In an era of ever-advancing technology, businesses have the luxury of choosing from a wide range of ways to operate their most critical IT operations. As cloud-compatible and cloud-only systems replace older applications, more and more businesses are seeing the benefits of moving their customers to the cloud and as a result, cloud applications are growing and replacing in-house operations.
This growing trend is resulting in many companies choosing to use a combination of processes including in-house, cloud and commercial data centres. These hybrid cloud implementations inevitably offer the beneficial elements of multiple solutions – but why exactly are businesses embracing this operating solution?
In-house data centres provide management with visibility and control. Businesses often feel reassured their data is in safe hands, as they can see and access the operations whenever they choose to do so. However, many businesses who use this solution do not have 24/7 manned security, duplicated power systems, duplicated diesel generators (if any) and multiple fibre providers. The associated costs, including insurance of company IT and finding the space for physical equipment are undeniably unattractive.
Commercial data centres
Commercial data centres, on the other hand, often provide 24/7 manned security, ISO27001 data security certifications, fully redundant cooling and power systems, dual diesel generators, and at least a dozen fibre providers on site. However, businesses who move their IT and data communications to these third-party facilities can be disadvantaged if something does go wrong, with the operations working from a different, and sometimes inconvenient, location.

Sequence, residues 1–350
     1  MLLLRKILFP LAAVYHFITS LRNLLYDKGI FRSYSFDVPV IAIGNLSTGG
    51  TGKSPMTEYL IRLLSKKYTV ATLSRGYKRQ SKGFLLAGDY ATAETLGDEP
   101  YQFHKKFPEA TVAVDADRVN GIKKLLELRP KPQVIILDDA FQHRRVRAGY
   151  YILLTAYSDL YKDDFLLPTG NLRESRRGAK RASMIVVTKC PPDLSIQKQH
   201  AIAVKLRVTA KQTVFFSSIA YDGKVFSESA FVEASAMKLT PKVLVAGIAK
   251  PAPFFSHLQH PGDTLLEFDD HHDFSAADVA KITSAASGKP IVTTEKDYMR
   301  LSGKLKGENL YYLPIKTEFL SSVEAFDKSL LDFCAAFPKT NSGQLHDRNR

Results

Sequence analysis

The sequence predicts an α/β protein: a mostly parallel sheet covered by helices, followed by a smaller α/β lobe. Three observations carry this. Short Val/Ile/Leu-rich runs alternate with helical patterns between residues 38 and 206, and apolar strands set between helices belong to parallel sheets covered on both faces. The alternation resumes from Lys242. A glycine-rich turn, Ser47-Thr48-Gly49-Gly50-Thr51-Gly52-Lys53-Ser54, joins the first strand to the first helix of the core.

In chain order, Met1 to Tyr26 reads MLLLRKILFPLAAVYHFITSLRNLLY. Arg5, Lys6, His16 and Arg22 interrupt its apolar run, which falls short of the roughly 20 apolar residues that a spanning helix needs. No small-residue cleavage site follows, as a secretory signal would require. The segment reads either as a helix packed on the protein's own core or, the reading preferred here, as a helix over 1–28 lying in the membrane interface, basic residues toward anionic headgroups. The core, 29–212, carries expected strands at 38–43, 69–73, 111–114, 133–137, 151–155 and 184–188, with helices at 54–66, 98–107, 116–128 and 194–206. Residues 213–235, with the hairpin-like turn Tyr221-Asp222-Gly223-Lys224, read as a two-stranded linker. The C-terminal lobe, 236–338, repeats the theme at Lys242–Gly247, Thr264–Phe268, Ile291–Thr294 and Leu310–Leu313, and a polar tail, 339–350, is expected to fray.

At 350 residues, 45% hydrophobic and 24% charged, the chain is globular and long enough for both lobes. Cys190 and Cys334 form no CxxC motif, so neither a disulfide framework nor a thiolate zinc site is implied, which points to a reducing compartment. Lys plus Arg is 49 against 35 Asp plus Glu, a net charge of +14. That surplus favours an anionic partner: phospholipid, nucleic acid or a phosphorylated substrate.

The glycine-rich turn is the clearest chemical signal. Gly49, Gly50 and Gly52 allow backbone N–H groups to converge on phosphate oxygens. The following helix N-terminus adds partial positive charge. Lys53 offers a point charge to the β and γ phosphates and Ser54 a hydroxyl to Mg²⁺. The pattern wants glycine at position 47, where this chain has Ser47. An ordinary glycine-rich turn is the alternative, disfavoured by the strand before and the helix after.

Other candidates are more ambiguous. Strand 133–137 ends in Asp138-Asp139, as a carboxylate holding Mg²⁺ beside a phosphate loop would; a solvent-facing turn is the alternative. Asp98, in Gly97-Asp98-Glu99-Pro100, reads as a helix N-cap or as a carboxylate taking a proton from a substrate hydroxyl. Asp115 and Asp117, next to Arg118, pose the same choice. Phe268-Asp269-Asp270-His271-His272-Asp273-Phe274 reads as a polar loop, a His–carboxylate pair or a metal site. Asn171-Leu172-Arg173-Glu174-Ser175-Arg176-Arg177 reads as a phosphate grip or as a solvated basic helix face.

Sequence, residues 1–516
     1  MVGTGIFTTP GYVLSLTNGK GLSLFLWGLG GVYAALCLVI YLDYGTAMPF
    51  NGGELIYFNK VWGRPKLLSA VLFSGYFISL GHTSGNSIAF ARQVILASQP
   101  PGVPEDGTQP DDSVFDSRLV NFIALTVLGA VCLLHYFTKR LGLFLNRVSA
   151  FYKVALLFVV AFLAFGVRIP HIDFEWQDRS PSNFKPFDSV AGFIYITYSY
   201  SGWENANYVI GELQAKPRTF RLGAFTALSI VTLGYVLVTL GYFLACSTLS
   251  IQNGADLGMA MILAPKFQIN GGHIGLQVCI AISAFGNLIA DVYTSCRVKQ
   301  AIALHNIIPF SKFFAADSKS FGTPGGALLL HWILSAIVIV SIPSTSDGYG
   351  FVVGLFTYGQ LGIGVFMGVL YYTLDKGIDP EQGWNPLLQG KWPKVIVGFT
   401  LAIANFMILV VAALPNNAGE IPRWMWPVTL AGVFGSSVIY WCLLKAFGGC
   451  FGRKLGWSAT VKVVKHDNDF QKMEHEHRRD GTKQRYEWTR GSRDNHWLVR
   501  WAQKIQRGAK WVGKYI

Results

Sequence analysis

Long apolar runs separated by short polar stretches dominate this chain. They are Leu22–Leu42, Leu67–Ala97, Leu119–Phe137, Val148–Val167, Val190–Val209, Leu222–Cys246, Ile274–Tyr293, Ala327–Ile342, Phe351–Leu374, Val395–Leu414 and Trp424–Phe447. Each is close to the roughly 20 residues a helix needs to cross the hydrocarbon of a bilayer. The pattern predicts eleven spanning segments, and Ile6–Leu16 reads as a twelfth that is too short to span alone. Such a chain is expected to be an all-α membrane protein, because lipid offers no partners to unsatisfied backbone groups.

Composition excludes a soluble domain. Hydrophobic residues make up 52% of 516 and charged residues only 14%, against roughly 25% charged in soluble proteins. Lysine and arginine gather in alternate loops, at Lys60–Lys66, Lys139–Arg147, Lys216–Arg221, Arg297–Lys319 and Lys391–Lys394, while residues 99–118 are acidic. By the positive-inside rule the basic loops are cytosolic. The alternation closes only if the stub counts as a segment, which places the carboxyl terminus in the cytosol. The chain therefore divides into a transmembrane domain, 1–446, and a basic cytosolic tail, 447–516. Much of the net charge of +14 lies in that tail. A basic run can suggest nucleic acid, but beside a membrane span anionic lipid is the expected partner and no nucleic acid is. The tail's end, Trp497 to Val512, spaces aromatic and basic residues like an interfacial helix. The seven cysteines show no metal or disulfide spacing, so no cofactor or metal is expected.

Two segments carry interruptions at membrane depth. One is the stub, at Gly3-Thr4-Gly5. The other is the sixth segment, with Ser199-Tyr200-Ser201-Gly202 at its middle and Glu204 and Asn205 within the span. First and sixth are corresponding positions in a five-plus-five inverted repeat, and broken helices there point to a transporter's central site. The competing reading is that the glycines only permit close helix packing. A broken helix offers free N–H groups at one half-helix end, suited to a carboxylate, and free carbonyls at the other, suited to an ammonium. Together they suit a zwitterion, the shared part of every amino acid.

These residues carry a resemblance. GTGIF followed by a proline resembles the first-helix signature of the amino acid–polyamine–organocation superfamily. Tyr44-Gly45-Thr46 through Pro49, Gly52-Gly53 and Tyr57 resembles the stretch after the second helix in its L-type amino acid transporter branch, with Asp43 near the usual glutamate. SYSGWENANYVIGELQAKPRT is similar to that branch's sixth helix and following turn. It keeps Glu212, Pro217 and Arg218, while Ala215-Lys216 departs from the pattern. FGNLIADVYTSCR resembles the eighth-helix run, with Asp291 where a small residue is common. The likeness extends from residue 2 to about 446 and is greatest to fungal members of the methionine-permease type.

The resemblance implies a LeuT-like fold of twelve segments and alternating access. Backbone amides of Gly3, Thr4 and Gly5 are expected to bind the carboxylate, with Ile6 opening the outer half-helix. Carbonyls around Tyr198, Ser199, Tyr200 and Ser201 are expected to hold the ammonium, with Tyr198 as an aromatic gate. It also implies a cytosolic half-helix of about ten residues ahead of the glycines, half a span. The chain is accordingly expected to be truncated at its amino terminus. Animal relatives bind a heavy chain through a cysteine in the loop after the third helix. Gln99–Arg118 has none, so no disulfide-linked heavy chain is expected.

The cloud comes in two varieties – public and private. Public clouds are massive arrays of computing power in purpose-built data centres operated by large US-based multinational corporations. Private cloud is simply remote hosting operated by multiple suppliers.
The tools provided by the public cloud vendors allow for easy interaction between computing apps and entities, making it quick to build platforms and execute applications on them. In an all-cloud implementation of an organisation’s IT and data communications, the business no longer needs to look after physical equipment, but still needs the same DevOps staff. Using public clouds also moves cost from capital expenditure to operational expenditure – however, security surrounding this type of storage is often questioned and untrusted by business leaders.
Hybrid cloud implementations
Hybrid cloud allows business leaders to mix-and-match the elements of all of these data storage solutions – a strategy more and more businesses are using as either a permanent strategy, or as an initial trial to explore which option works best for them. By taking parts of each solution, businesses can ensure their data is being stored and processed safely, securely and in the most effective way possible for their individual company’s needs.
A common trend in the IT world is that organisations tend to start by implementing less critical applications in public or private clouds, then transition to all-cloud or to a long-term hybrid implementation. In-house IT installations are fading away but instead of updating hardware, I believe businesses will replace in-house technology with mixtures of commercial data centres, public clouds and private clouds – hybrid cloud.